Led by Tom Painter, the study found seasonal snow coverage in the sub-alpine and alpine areas of the San Juan Mountains of southwestern Colorado disappeared by about 30 days earlier in 2006 because of heavy dust deposition from the Colorado Plateau roughly 200 miles away. The dust, which probably came from northeast Arizona and northwest New Mexico deserts, reduced the snow’s reflectivity, allowing more of the sun’s energy to warm the snow pack and cause it to melt earlier.
“The connection between dust and lower snow reflectance is already established, but the amount of impact measured and modeled in this system stunned us,” said Painter. “The fact that dust can reduce snow cover duration so much – a month earlier -- transforms our understanding of mountain sensitivity to external forcings.”
While just three or four significant dust deposition events occurred annually in the San Juan Mountains between 2003 and 2005, eight occurred in 2006, according to the authors. In 2006, the sub-alpine regions of the San Juans melted out 24 to 35 days earlier than previous, relatively dust-free years, according to ground measurements and computer simulations.
A paper on the subject was published online June 23 in Geophysical Research Letters. Co-authors on the study included CU-Boulder’s Andrew Barrett, Jason Neff, Maureen Cassidy, Corey Lawrence and Lang Farmer, as well as Christopher Landry from the Center for Snow and Avalanche Studies in Silverton, Colo., and Kathleen McBride of Northern Arizona University.
The Colorado Plateau is centered in the Four Corners region of Colorado, New Mexico, Arizona and Utah and covers an area of roughly 130,000 square miles.
Prior to the widespread ecological disturbance of the Western U.S. in the late 1980s, the high mountain snow would have likely lasted several weeks longer in most regions, according to the researchers.
“Recent studies agree that with global warming, the Southwest will be warmer and drier,” said Painter. “Enhanced dust deposition is likely, further shortening snow cover duration. Ultimately, a warming climate and the dust it generates will affect river run-off and soil moisture in the mountains, not only in the Western United States but across many of the world’s mountains.”
Snowmelt provides drinking water to one-sixth of the world’s population and provides important agricultural and recreational resources for the Western United States, said Painter. The progression of climate change may alter the reliability of spring snowmelt, including its quantity, timing and duration, he said.
Stephanie Renfrow | EurekAlert!
Climate satellite: Tracking methane with robust laser technology
22.06.2017 | Fraunhofer-Gesellschaft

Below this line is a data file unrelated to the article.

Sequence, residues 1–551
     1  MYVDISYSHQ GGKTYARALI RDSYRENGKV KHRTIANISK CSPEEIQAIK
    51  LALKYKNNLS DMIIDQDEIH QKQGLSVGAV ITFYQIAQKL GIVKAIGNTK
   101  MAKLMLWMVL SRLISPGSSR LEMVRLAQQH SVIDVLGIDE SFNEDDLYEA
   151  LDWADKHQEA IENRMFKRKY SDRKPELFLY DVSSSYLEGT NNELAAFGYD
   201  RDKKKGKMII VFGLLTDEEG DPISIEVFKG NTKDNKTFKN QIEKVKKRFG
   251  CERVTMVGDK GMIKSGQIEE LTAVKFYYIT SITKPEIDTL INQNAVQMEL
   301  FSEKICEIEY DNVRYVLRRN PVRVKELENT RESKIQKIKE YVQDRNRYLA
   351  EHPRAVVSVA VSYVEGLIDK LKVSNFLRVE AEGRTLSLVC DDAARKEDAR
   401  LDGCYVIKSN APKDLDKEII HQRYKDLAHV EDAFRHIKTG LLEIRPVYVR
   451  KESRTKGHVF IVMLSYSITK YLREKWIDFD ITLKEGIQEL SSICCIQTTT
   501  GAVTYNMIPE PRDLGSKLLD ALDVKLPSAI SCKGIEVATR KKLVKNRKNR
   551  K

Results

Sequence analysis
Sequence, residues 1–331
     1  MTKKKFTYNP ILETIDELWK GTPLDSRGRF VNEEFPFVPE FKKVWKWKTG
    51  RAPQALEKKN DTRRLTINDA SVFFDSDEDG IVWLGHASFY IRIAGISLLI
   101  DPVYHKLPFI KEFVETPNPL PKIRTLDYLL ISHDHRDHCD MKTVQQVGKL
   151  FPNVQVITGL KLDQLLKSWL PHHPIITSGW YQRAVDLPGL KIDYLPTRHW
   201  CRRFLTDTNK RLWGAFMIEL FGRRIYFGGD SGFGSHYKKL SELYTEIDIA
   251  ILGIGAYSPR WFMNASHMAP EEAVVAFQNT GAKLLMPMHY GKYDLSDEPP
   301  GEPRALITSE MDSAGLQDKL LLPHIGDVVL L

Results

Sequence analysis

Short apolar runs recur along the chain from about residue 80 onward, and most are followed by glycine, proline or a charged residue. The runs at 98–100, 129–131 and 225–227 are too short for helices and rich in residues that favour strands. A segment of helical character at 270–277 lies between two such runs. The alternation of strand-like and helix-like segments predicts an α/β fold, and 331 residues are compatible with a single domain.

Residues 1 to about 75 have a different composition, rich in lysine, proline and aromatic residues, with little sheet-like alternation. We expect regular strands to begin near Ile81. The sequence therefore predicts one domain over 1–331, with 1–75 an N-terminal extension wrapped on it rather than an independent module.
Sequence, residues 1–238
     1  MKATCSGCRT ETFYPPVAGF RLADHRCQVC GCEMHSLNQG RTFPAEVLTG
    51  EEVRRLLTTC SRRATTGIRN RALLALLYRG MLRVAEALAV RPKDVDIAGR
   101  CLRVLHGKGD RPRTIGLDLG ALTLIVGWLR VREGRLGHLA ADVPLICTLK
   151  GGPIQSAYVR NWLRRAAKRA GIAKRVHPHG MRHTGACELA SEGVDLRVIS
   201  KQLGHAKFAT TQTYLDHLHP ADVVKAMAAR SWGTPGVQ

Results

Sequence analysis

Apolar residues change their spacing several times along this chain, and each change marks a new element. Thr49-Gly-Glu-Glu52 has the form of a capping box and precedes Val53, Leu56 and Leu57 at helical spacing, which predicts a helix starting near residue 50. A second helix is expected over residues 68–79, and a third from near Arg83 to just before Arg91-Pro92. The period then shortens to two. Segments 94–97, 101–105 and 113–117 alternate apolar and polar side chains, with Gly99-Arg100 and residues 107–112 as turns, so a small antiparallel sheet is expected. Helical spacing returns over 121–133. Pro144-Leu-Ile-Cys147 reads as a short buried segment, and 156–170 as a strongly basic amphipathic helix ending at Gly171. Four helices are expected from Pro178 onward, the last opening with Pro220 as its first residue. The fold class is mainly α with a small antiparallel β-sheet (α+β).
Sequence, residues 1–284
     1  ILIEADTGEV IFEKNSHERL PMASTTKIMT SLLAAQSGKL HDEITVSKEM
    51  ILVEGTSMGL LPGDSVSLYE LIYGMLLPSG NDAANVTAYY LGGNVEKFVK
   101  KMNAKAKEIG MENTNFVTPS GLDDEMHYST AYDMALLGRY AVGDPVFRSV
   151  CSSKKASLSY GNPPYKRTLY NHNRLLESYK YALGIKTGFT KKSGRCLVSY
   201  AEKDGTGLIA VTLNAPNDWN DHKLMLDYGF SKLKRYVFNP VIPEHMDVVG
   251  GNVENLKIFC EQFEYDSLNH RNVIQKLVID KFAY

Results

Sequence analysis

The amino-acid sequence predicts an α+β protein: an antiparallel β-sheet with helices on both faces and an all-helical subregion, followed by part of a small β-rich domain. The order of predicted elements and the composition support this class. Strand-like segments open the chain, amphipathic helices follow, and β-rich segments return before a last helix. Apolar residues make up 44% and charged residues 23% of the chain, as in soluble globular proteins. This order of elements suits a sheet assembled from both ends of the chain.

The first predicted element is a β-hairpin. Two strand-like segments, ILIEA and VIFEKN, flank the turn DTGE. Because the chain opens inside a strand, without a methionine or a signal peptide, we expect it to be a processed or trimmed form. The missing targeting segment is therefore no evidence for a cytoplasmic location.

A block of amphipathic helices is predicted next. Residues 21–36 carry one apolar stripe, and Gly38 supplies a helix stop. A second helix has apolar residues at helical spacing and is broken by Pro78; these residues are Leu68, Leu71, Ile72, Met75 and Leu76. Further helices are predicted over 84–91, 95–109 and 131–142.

How reliable are shells as climate archives?
21.06.2017 | Leibniz-Zentrum für Marine Tropenforschung (ZMT)
Heatwaves in the Arctic, longer periods of vegetation in Europe, severe floods in West Africa – starting in 2021, scientists want to explore the emissions of the greenhouse gas methane with the German-French satellite MERLIN. This is made possible by a new robust laser system of the Fraunhofer Institute for Laser Technology ILT in Aachen, which achieves unprecedented measurement accuracy.
Methane is primarily the result of the decomposition of organic matter. The gas has a 25 times greater warming potential than carbon dioxide, but is not as...
Hydrogen is regarded as the energy source of the future: It is produced with solar power and can be used to generate heat and electricity in fuel cells. Empa researchers have now succeeded in decoding the movement of hydrogen ions in crystals – a key step towards more efficient energy conversion in the hydrogen industry of tomorrow.
As charge carriers, electrons and ions play the leading role in electrochemical energy storage devices and converters such as batteries and fuel cells. Proton...
Scientists from the Excellence Cluster Universe at the Ludwig-Maximilians-Universität Munich have establised "Cosmowebportal", a unique data centre for cosmological simulations located at the Leibniz Supercomputing Centre (LRZ) of the Bavarian Academy of Sciences. The complete results of a series of large hydrodynamical cosmological simulations are available, with data volumes typically exceeding several hundred terabytes. Scientists worldwide can interactively explore these complex simulations via a web interface and directly access the results.
With current telescopes, scientists can observe our Universe’s galaxies and galaxy clusters and their distribution along an invisible cosmic web. From the...
Temperature measurements possible even on the smallest scale / Molecular ruby for use in material sciences, biology, and medicine
Chemists at Johannes Gutenberg University Mainz (JGU) in cooperation with researchers of the German Federal Institute for Materials Research and Testing (BAM)...
Germany counts high-precision manufacturing processes among its advantages as a location. It’s not just the aerospace and automotive industries that require almost waste-free, high-precision manufacturing to provide an efficient way of testing the shape and orientation tolerances of products. Since current inline measurement technology not yet provides the required accuracy, the Fraunhofer Institute for Laser Technology ILT is collaborating with four renowned industry partners in the INSPIRE project to develop inline sensors with a new accuracy class. Funded by the German Federal Ministry of Education and Research (BMBF), the project is scheduled to run until the end of 2019.
New Manufacturing Technologies for New Products
19.06.2017 | Event News
13.06.2017 | Event News
13.06.2017 | Event News
22.06.2017 | Life Sciences
22.06.2017 | Materials Sciences
22.06.2017 | Materials Sciences